, Volume 106, Issue 3, pp 191-202
Date: 05 Jul 2003

α-Synuclein pathology in Parkinson’s and Alzheimer’s disease brain: incidence and topographic distribution—a pilot study

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Abstract

To study the incidence and topographic distribution of α-synuclein-positive inclusions in Parkinson’s disease (PD), dementia with LB (DLB), and Alzheimer’s disease (AD), 206 brains of elderly patients, including 53 patients with clinical PD, 110 autopsy-proven AD cases, 22 with dementia with LB (DLB), 1 case with essential tremor, and 20 age-matched controls were investigated using α-synuclein immunohistochemistry. For technical reasons, the olfactory system was not studied. In all PD brains, α-synuclein-positive inclusions and neuronal losses were present in medullary and pontine nuclei, locus coeruleus, and substantia nigra, with additional lesions in amygdala (24%), allocortex (58%), cingulate area (34%), and isocortex (26.5%). All PD cases corresponded to pathology stage 4–6 suggested by Braak et al. (2003, Neurobiol Aging 24:197). In most cases of DLB, the distribution of α-synuclein pathology and neurodegeneration corresponded to stages 5 and 6 of PD pathology. The case with essential tremor and 48.2% of the AD cases showed no LB pathology; in the other AD brains α-synuclein-positive inclusions were seen in various brain areas. None of the controls showed LB pathology. Among 12 cases of incidental Lewy body disease (without clinical parkinsonian signs), 7 corresponded morphologically to PD stage 3 or 4. In further 6 AD cases, 2 with parkinsonian symptoms, considerable damage to locus coeruleus, substantia nigra, nucleus basalis and allocortex with preservation of the medullary nuclei was seen. The preliminary data largely confirm the Braak staging of brain pathology, although some of the clinical PD cases corresponded to stage 3 often considered as “preclinical”. In addition, some cases without demonstrable involvement of medullary nuclei showed extensive PD-like pathology in other brain areas, suggesting deviation from the proposed stereotypic expansion pattern and that incidental LB pathology may affect solely the locus coeruleus and substantia nigra. Striking similarity of LB pathology between DLB and PD suggests close morphological relationship between both disorders. Widespread LB lesions occurred in many sporadic AD cases without parkinsonian symptoms, the pathogenesis and clinical impact of which are unclear. The relationship between AD and PD with particular reference to synaptophysin-positive lesions needs further elucidation.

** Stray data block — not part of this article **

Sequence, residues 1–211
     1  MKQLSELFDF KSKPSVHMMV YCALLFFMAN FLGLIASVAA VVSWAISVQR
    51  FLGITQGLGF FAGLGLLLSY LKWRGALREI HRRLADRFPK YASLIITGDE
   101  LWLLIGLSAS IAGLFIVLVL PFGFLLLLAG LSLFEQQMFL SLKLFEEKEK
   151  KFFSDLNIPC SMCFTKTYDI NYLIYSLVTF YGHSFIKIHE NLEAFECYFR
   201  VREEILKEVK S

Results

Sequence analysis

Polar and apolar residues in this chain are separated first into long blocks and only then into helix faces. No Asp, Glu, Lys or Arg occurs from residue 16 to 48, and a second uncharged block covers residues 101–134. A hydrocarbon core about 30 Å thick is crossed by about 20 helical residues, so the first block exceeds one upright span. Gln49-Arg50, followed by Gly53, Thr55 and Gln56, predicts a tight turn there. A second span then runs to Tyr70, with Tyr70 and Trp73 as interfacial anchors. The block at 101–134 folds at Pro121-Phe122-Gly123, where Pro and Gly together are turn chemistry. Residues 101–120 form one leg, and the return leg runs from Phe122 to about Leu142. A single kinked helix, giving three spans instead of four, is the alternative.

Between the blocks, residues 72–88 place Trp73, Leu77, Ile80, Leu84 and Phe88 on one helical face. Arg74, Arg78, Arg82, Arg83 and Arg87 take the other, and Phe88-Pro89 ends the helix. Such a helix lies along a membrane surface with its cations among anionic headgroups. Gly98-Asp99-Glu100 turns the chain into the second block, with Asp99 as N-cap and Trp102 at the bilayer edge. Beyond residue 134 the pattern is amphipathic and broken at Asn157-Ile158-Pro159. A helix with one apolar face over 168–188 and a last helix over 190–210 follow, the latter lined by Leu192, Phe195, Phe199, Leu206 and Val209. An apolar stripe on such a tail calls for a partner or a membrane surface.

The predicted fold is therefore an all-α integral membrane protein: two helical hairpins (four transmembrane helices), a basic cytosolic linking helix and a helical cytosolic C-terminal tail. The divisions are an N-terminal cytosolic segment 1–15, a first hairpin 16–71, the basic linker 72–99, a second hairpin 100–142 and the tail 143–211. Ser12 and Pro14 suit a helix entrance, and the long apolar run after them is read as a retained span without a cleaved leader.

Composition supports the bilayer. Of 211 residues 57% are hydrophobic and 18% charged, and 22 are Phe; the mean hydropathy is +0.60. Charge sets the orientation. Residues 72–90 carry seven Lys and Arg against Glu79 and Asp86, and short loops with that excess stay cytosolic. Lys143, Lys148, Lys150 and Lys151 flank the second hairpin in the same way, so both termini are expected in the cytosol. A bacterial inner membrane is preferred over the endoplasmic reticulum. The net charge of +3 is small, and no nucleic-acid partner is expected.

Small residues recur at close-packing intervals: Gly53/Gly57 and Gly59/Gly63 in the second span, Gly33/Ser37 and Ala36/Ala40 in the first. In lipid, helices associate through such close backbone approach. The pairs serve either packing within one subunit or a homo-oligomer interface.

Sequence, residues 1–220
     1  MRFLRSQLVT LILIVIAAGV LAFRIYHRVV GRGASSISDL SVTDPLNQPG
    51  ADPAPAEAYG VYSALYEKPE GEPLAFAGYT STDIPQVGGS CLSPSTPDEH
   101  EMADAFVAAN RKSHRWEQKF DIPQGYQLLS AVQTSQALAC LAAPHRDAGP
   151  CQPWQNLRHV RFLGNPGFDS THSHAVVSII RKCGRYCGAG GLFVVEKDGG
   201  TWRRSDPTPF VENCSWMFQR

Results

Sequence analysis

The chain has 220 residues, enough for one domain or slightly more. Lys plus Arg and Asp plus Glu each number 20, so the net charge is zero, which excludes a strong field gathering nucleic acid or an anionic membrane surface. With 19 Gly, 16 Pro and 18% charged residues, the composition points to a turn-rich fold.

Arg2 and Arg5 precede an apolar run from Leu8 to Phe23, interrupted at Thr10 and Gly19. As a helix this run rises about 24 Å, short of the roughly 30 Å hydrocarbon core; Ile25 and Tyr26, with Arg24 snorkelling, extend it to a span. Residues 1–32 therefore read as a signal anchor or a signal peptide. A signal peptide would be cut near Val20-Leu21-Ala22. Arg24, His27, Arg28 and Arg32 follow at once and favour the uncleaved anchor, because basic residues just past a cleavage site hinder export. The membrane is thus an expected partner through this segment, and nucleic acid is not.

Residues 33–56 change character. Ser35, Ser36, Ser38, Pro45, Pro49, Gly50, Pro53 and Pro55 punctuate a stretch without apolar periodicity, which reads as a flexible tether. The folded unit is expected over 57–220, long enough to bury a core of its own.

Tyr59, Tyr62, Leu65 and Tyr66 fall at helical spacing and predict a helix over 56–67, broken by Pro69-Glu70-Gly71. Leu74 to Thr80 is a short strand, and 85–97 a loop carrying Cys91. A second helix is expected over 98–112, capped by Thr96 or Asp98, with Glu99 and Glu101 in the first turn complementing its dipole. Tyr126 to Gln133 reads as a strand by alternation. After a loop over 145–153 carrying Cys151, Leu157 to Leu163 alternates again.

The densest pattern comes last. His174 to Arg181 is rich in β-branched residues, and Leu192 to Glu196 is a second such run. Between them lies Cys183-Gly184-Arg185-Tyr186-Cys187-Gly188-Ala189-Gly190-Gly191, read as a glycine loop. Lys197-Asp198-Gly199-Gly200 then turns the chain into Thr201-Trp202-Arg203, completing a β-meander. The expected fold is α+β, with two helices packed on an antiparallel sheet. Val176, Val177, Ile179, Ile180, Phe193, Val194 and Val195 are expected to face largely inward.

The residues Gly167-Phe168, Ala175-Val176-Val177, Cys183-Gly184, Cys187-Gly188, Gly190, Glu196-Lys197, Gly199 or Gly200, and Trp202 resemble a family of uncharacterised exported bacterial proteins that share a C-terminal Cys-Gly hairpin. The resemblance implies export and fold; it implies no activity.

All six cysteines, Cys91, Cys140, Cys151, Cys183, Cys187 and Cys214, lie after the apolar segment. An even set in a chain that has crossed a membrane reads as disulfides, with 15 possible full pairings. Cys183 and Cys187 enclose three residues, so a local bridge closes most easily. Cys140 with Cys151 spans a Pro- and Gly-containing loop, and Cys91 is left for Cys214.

An erratum to this article can be found at http://dx.doi.org/10.1007/s00401-003-0780-4